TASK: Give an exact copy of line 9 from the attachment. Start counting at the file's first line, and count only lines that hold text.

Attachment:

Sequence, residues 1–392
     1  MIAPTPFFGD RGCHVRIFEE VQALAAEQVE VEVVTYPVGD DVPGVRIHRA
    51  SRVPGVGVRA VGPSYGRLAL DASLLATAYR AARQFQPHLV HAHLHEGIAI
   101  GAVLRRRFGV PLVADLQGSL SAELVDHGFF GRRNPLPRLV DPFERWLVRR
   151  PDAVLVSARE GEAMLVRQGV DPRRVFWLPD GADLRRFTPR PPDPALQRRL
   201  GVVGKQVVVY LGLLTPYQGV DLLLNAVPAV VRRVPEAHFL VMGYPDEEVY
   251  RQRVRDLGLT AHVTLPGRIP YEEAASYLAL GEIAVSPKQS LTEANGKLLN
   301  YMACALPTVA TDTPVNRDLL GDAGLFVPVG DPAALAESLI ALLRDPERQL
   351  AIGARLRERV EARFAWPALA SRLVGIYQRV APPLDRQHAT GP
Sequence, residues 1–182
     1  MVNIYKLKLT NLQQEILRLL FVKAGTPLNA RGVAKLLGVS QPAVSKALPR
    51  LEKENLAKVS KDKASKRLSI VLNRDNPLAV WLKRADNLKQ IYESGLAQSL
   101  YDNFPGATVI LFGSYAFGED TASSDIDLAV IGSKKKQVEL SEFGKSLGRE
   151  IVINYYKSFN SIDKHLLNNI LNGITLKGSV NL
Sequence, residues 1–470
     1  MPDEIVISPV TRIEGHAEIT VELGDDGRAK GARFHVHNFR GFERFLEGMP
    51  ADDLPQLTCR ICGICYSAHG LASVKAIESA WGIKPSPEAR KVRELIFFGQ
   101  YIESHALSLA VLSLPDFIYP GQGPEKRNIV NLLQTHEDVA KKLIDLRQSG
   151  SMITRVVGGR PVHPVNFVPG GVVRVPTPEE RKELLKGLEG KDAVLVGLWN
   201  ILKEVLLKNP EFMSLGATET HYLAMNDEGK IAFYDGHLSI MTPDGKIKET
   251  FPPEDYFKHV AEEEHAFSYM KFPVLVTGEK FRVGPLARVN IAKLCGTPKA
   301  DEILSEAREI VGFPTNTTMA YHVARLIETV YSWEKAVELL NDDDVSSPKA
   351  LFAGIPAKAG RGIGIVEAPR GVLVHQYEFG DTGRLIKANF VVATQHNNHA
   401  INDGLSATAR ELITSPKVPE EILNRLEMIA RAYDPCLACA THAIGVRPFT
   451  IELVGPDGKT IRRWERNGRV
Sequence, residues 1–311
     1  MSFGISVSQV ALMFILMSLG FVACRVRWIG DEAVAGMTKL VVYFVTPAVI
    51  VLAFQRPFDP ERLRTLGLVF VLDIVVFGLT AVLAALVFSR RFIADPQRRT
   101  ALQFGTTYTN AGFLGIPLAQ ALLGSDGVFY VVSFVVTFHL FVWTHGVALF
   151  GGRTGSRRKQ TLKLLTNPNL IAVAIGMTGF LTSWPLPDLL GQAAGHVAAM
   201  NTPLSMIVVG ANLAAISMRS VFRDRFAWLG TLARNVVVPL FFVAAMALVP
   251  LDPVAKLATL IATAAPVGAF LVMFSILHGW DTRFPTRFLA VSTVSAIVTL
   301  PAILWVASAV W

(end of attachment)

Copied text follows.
   351  AIGARLRERV EARFAWPALA SRLVGIYQRV APPLDRQHAT GP